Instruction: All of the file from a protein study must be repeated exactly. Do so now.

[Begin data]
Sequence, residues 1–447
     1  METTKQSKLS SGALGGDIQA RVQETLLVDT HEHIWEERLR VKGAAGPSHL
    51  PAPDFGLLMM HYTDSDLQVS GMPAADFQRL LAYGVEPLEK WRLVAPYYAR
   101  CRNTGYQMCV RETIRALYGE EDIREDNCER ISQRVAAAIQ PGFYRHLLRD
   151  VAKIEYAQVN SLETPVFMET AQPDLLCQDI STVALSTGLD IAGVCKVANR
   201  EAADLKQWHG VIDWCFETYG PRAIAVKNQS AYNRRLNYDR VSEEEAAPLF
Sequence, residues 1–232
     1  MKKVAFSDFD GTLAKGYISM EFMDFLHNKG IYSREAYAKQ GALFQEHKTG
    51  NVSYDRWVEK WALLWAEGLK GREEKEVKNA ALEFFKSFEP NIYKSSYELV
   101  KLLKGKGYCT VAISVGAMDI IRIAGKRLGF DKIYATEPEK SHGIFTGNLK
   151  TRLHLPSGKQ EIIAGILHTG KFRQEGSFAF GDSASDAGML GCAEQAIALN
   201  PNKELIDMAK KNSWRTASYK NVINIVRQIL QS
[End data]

Sequence, residues 1–447
     1  METTKQSKLS SGALGGDIQA RVQETLLVDT HEHIWEERLR VKGAAGPSHL
    51  PAPDFGLLMM HYTDSDLQVS GMPAADFQRL LAYGVEPLEK WRLVAPYYAR
   101  CRNTGYQMCV RETIRALYGE EDIREDNCER ISQRVAAAIQ PGFYRHLLRD
   151  VAKIEYAQVN SLETPVFMET AQPDLLCQDI STVALSTGLD IAGVCKVANR
   201  EAADLKQWHG VIDWCFETYG PRAIAVKNQS AYNRRLNYDR VSEEEAAPLF
Sequence, residues 1–232
     1  MKKVAFSDFD GTLAKGYISM EFMDFLHNKG IYSREAYAKQ GALFQEHKTG
    51  NVSYDRWVEK WALLWAEGLK GREEKEVKNA ALEFFKSFEP NIYKSSYELV
   101  KLLKGKGYCT VAISVGAMDI IRIAGKRLGF DKIYATEPEK SHGIFTGNLK
   151  TRLHLPSGKQ EIIAGILHTG KFRQEGSFAF GDSASDAGML GCAEQAIALN
   201  PNKELIDMAK KNSWRTASYK NVINIVRQIL QS